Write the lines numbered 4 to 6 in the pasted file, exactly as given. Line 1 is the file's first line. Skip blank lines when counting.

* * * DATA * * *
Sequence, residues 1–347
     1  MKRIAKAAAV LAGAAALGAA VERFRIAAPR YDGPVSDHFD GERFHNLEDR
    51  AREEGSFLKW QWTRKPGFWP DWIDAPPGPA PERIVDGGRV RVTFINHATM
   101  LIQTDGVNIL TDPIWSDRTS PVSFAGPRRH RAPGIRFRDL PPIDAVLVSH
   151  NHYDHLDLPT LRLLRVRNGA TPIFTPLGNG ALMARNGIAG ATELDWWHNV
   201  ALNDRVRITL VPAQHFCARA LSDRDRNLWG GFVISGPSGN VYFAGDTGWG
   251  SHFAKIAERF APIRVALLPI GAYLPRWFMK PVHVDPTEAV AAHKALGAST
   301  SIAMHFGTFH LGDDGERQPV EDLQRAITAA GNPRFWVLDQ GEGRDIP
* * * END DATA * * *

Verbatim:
   101  LIQTDGVNIL TDPIWSDRTS PVSFAGPRRH RAPGIRFRDL PPIDAVLVSH
   151  NHYDHLDLPT LRLLRVRNGA TPIFTPLGNG ALMARNGIAG ATELDWWHNV
   201  ALNDRVRITL VPAQHFCARA LSDRDRNLWG GFVISGPSGN VYFAGDTGWG